Targeting breast cancer vaccines to dendritic cells: improved immunological responses with less protein?
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The central goal of cancer immunotherapy is to control tumors through the mobilization of the patient's immune system. Vaccines targeting the Her2/neu proto-oncogene have been tested with some early encouraging responses in breast cancer. However, a more effective set of vaccines targeting specific immune cell subtypes may provide a more potent means to stimulate anti-tumor immunity. Dendritic cell-specific antibodies fused with the Her2/neu protein proved effective at generating immune responses in preclinical models. Importantly, only low amounts of protein vaccine were required to generate this response, which has potentially significant implications for the future clinical development of Her2/neu-targeted vaccines and other vaccine targets.
- poly I
C: polyinosinic:polycytidylic acid.
Despite significant advances in the treatment of Her2/neu-overexpressing breast cancer in the last few decades, the majority of patients with meta static Her2/neu + tumors ultimately succumb to their disease. Moreover, Her2/neu proto-oncogene has generally been associated with a poor clinical outcome; however, the overexpression of this cell surface growth factor receptor also provides a target that can be exploited for immunotherapeutics. Her2/neu-specific vaccines have been tested with a further refinement in the potential effectiveness of a protein vaccine described in a paper in the previous issue of Breast Cancer Research . Moreover, support for the immunotherapy approach comes from the fact that monoclonal antibody therapy (trastuzumab) improves survival in both the adjuvant [2, 3] and metastatic  setting. However, despite improvements in clinical outcome, metastatic breast cancer remains incurable and new treatments are needed.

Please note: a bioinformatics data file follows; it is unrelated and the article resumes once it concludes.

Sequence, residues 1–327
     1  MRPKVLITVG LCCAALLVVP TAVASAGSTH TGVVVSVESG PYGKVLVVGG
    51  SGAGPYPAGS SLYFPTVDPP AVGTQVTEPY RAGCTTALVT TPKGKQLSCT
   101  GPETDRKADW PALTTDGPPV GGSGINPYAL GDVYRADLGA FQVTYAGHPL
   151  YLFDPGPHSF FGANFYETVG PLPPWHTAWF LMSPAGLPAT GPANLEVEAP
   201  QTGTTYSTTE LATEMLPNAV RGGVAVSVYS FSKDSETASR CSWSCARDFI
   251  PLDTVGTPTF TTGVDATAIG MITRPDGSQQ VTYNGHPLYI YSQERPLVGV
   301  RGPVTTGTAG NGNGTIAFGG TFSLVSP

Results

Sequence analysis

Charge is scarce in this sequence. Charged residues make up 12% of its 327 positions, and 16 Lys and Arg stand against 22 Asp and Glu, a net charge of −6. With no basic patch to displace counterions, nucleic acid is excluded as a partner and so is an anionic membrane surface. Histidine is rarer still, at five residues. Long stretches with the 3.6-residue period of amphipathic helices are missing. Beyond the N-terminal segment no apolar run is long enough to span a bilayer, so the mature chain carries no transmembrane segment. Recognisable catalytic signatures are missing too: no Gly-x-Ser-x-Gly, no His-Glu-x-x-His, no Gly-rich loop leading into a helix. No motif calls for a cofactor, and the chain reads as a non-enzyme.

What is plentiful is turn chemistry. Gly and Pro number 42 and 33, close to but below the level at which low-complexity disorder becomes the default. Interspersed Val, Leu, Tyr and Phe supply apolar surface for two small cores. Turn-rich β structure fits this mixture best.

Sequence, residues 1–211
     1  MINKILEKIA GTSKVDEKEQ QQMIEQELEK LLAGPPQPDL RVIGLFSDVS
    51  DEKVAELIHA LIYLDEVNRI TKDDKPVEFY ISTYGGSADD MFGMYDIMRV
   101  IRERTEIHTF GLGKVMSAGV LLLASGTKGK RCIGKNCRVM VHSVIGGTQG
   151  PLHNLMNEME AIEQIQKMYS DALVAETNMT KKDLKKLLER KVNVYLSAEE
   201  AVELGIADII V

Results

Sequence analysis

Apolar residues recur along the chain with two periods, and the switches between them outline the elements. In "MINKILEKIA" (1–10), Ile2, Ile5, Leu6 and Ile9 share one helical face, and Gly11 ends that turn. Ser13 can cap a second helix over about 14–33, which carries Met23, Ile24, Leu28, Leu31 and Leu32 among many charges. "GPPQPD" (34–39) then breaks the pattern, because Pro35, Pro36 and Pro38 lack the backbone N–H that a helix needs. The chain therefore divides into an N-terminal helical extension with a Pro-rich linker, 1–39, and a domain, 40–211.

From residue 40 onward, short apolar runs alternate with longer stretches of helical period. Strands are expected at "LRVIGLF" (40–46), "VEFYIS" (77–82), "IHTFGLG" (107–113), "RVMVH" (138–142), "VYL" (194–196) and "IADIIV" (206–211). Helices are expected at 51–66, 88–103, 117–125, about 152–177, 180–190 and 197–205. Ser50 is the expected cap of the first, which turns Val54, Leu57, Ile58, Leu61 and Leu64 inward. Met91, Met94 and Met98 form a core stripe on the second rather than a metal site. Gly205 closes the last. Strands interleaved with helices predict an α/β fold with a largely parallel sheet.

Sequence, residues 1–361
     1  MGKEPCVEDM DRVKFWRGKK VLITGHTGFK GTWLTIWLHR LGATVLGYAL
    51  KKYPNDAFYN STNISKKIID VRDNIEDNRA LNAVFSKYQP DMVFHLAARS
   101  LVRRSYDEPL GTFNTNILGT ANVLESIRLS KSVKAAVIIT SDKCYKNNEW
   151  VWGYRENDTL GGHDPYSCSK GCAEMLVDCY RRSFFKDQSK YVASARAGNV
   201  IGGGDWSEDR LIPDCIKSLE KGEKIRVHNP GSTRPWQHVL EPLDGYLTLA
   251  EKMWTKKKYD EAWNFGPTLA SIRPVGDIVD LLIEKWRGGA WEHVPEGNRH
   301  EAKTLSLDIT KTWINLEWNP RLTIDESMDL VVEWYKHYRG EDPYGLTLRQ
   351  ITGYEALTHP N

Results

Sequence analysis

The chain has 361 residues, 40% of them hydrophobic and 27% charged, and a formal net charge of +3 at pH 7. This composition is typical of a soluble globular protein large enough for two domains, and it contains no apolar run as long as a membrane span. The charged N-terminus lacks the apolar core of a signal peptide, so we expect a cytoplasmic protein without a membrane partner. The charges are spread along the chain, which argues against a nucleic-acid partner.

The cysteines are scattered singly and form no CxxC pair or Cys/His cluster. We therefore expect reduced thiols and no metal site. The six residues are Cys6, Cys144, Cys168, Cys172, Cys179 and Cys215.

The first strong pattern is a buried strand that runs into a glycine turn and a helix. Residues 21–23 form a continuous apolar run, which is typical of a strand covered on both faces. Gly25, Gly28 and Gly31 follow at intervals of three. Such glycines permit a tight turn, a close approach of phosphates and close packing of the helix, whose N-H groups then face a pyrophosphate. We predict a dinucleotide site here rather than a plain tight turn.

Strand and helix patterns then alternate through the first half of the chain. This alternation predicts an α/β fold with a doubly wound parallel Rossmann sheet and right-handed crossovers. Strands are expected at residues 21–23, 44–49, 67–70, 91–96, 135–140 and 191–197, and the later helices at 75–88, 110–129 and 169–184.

The adoptive transfer of immune effector molecules (including monoclonal antibodies) and cells is termed passive vaccination. The success of this approach is likely dependent upon the persistence of the molecule/cell and its ability to engage the particular immunological process that results in a sufficient anti-tumor response. However, achieving sustained levels of immune effector molecules and cells in the patient is difficult and generally requires large amounts of protein or cells to be administered over a prolonged period of time.
Active vaccination refers to the process of stimulating the patient's own immune system to drive an anti-tumor response. The major attraction of this approach is the potential to generate immunological memory, which may protect against relapsing tumors. Preclinical breast cancer vaccine strategies targeting Her2/neu and other breast cancer antigens established the proof of principle of the approach [5, 6]. Encouragingly, early-phase clinical studies using peptides derived from the Her2/neu protein (E75 and GP2) have shown evidence of immunological responses [7, 8], and a more recent study suggests a potential clinical benefit in subsets of patients treated with the E75 peptide vaccine . However, large phase III clinical trials of cancer vaccines that target solid tumors have largely failed to deliver major clinical benefits, despite the induction of humoral and cellular immune responses, indicating that improvements in vaccine design are clearly required .